The School's objectives are outlined in the CSPS Act:

  • encourage pride and excellence in the public service;
  • foster a common sense of purpose, values and traditions in the public service;
  • assist deputy heads in meeting the learning needs of their organizations;
  • formulate and provide training, orientation and development programs for public sector managers and employees; and
  • pursue excellence in public management and administration.

The School's program priorities are geared toward delivering results in accordance with the Treasury Board Secretariat's 2006 Policy on Learning, Training and Development. The Policy establishes the public service as an organization committed to developing its employees. It establishes responsibilities for learning at the employee, organization and deputy head levels. The Policy defines the role of the School as the source of required training and as a resource to deputy heads and their departments in strengthening organizational leadership and assisting them in texting departmental business priorities with management improvement objectives.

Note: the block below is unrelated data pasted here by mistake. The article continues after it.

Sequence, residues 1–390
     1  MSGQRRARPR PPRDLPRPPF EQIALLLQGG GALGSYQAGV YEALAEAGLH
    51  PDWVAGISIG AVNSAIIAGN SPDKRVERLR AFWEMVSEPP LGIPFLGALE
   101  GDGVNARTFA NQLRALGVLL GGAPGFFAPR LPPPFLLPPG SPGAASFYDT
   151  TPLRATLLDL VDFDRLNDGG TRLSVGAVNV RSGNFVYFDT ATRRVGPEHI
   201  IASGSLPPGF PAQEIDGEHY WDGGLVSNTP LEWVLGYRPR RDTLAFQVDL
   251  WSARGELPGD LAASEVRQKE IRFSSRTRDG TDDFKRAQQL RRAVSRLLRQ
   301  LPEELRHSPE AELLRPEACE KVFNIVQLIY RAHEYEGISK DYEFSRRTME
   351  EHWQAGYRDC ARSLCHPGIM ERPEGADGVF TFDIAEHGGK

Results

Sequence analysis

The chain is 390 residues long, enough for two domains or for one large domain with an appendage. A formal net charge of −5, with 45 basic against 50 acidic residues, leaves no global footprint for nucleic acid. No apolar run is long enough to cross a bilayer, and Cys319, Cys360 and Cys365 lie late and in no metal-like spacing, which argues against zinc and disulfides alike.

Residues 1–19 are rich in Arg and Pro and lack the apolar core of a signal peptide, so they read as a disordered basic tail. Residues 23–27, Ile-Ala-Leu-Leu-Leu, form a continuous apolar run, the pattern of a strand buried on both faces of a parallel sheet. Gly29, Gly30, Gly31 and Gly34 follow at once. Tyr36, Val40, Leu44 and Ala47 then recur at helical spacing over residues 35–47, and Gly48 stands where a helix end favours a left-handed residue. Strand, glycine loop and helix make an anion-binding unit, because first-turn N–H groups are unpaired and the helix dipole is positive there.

The School assists deputy heads in meeting their accountabilities under the Financial Administration Act with respect to leadership and professional development through practical programming that addresses the key development needs of their organizations and their employees.

In 2009, six central human resources organizations, including the School, conducted a horizontal review of the central human resources management functions they deliver to support government departments and agencies. Changes made as the result of this horizontal review have resulted in better delivery of policies and services and more effective human resources management by enabling deputy ministers to take effective responsibility for human resources management in their own departments and by simplifying and streamlining the roles of central human resources agencies.